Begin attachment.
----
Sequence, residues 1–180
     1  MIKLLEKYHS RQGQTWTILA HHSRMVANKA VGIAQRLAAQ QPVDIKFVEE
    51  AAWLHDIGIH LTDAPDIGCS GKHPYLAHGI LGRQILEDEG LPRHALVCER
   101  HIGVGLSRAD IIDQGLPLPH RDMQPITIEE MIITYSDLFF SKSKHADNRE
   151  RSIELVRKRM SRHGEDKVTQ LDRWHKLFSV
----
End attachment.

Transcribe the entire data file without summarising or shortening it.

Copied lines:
Sequence, residues 1–180
     1  MIKLLEKYHS RQGQTWTILA HHSRMVANKA VGIAQRLAAQ QPVDIKFVEE
    51  AAWLHDIGIH LTDAPDIGCS GKHPYLAHGI LGRQILEDEG LPRHALVCER
   101  HIGVGLSRAD IIDQGLPLPH RDMQPITIEE MIITYSDLFF SKSKHADNRE
   151  RSIELVRKRM SRHGEDKVTQ LDRWHKLFSV